(first posted 9/10/2014) I expected to find interesting cars while away on vacation, but this Buick was a particularly nice treat. I wasn’t hoping for anything this rare or stylish; a basically outfitted LeSabre or 88, sure, but a loaded ’62 Skylark? This is definitely CC-material; even better, it doesn’t seem to be a restored garage queen, though it’s obviously been given a lot of care over the years. A friend of mine makes a huge claim about the more well-equipped Y-bodies of the early ’60s, calling them the best American cars ever. I’m not prepared to take a very firm stance as this is concerned, and I expect our readers will make their own very well-informed judgments, but this particular black hardtop makes a good case for itself.
Modern mechanical specification (aside from the two speed
Dynaflow Dual Path Turbine Drive) notwithstanding, what stands out most to modern eyes is this Buick’s ergonomic and dimensional rightness. Having been raised on imports, I’d almost feel right at home in this Skylark. The switchgear is thoughtfully integrated, and that includes the air conditioner underneath the stereo. Those two chromed vents on the right side on that metal panel are both delicate and modern-looking in a way many other HVAC outlets of the era were not.
Moving on, we have a pared-down dash design with a low cowl and simple moldings elsewhere. Everything is kept out of the way, enhancing the feeling of space, with minimal forehead-gashing protrusions–very conservative for the era, but more relevant today than more creative contemporary layouts.
This car looks low to the ground because it is; unlike other similarly shaped and well-equipped cars, though, it’s also narrow and short enough to make sense as a compact. It’s actually quite a unique combination of practicality and opulence for the time, giving it a jewel-like quality that reminds me so much of the better imports of the ’80s and ’90s. I almost want to call it the W201 of its day, but as that car was severe, underpowered and austere on the inside, that this analogy doesn’t entirely work. I’m more inclined to compare it with the Integra, given its low-slung style and aspirational compact concept; after all, not all of the small Acuras had the VTEC engine and close-ratio transmission.
The owner seemingly agrees with this assessment, given the somewhat excessive asking price. The car isn’t in the sort of condition to merit this outlay, according to most metrics, but I wouldn’t argue with someone spending this much provided they had a passion for Skylarks.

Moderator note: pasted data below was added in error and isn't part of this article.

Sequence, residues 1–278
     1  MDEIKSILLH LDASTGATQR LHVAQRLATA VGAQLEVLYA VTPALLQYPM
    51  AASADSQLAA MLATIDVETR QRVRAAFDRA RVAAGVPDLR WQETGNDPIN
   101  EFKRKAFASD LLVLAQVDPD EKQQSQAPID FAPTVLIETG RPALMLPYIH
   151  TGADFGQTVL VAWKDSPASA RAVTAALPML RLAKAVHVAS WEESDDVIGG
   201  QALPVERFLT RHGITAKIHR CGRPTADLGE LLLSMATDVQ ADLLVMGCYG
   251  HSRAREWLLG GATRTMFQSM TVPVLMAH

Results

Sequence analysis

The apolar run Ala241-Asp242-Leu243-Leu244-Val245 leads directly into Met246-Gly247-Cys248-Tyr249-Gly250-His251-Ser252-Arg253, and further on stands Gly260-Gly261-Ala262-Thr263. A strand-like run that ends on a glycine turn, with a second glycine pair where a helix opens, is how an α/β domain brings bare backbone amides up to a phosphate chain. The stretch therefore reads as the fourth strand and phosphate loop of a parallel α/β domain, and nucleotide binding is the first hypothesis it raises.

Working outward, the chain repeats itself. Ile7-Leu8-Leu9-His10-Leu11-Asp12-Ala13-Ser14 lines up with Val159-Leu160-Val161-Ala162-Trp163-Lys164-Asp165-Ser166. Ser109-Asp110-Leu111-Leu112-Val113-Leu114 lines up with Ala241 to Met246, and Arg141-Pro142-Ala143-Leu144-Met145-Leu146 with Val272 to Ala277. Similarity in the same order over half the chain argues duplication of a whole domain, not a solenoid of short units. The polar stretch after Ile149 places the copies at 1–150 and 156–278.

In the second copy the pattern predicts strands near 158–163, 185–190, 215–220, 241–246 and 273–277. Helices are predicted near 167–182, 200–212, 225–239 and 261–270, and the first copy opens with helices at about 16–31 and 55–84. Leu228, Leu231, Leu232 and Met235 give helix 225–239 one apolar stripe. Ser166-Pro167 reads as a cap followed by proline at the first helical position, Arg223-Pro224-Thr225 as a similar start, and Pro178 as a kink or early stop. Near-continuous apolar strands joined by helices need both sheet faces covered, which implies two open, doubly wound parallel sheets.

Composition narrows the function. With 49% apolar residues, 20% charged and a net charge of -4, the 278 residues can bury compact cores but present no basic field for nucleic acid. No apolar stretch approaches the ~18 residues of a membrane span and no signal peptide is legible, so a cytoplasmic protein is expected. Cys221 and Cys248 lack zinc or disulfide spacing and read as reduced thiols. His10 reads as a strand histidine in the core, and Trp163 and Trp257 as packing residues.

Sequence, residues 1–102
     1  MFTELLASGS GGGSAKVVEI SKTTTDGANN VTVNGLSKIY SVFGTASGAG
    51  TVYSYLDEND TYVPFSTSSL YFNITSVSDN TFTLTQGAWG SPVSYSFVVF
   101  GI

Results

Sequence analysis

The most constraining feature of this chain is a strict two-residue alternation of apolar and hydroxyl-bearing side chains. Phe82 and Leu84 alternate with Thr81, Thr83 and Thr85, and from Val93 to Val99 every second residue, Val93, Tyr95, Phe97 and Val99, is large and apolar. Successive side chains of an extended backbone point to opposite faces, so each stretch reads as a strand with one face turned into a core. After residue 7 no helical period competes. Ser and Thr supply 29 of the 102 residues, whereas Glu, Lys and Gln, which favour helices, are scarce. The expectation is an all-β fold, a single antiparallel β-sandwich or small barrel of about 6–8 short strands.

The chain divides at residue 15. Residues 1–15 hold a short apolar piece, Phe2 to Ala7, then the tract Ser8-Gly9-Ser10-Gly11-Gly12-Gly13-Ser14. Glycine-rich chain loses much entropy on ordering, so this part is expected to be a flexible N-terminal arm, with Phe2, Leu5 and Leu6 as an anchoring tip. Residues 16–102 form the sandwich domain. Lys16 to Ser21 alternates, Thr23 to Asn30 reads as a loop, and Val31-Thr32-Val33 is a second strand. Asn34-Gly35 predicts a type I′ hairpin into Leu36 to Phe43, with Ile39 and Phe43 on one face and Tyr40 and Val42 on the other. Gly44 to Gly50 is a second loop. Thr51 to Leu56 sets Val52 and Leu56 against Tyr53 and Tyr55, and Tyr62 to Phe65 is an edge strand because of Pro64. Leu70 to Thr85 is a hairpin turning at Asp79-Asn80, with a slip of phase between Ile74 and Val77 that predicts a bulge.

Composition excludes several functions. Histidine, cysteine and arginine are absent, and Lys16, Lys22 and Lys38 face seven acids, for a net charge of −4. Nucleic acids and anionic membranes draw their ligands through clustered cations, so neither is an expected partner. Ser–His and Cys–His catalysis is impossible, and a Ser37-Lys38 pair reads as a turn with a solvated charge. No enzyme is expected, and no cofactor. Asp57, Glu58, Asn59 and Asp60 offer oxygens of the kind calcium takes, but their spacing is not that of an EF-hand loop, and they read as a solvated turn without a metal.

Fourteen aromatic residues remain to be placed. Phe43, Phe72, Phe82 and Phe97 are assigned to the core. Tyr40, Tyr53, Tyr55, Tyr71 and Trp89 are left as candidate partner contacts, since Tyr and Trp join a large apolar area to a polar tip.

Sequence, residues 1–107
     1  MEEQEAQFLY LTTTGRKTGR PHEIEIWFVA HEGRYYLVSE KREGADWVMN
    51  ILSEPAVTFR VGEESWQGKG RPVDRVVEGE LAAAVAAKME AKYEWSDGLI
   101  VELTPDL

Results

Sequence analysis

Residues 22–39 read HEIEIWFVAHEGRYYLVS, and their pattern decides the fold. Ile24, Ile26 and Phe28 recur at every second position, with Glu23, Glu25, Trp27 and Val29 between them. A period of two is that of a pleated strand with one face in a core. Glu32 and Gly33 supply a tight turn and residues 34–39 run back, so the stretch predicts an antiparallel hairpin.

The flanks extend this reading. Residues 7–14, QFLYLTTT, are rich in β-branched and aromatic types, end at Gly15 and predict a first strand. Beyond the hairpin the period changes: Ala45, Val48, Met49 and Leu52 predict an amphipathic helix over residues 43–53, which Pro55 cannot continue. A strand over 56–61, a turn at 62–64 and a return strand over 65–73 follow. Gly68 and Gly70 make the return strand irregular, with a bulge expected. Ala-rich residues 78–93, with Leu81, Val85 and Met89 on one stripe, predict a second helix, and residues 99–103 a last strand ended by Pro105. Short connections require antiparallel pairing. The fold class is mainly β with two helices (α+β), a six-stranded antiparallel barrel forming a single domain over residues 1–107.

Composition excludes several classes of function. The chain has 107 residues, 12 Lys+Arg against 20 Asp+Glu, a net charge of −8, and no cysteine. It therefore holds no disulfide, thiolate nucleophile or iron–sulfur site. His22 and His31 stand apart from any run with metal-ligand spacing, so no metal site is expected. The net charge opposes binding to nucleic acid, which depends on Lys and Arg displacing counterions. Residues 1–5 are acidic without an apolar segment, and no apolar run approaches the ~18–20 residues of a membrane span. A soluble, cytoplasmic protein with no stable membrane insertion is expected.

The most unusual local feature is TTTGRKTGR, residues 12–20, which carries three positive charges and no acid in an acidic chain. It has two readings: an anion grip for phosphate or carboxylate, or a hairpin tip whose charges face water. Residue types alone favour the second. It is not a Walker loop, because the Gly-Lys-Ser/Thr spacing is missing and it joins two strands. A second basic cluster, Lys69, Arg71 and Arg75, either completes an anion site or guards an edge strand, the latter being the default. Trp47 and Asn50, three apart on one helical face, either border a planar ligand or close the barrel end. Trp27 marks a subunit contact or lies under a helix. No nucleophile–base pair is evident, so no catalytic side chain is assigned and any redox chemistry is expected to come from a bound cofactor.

There are probably more people interested in finding an equivalent Cutlass/F85, Corvair or even rope-drive Tempest. Everything that makes this Skylark so elegant in my eyes, down to that traditional Buick font, is what makes sportier or “sportier” compacts more compelling to other buyers. In that sense, the W201 comparison is more apt; and just as Baby Benz got became more profitable, more powerful and less distinctive, so did the Skylark.
The Integra, while longer-lived than the original Skylark, in some ways met the same fate as the original Y-body Buicks. It would never be as popular as the cheaper compacts, nor would it have the gravitas of the more musclebound alternatives like the Mustang. While undeniably unique, neither cars were what enough people wanted. But for those who could appreciate just how special they were, pun intended, both were “just right.”
These Chinese replacement tires, sized 185/70 R13, also mark the connection to the large compacts of the ’80s and early ’90s. They are small, but given the leanness of the overall shape, are more than adequate. Look for this tire size to become increasingly uncommon with the rubberband tires on today’s “compacts.”
It’s the attention to detail which really makes this car; can we blame GM if so many car buyers in this price class weren’t moved by such subtle virtue? It obviously didn’t help that the Y-body platform-mates were either more overtly sporty and more expressively styled, but with that said, Buick managed to move more of its small cars than did Oldsmobile.
A lightweight aluminum V8 sits behind that clean grille, as you all know, helping keep this car around 2,800 pounds. That’s an impressive figure for a rear-driver of this size with A/C, a full bevy of power assists and a large engine; another connection with more modern imports, perhaps?
If the curb weight doesn’t convince you, the overall combination of luxury and performance (as opposed to an obvious nod in either direction) provides a better parallel. For all the success attained by sportier or flashier competition, Buick managed to retain as much of the sophistication this car embodied as was possible in future generations. Cars like the later GS were similarly neglected in spite of their talents, but the appeal of the Tri-Shield’s approach to making large compacts has helped ensure the brand’s survival to this day, with the Regal winning (at least) critical acclaim. And as that car delivers what Acura no longer can offer, one could argue that the spirit of this ’62 Skylark remains alive today.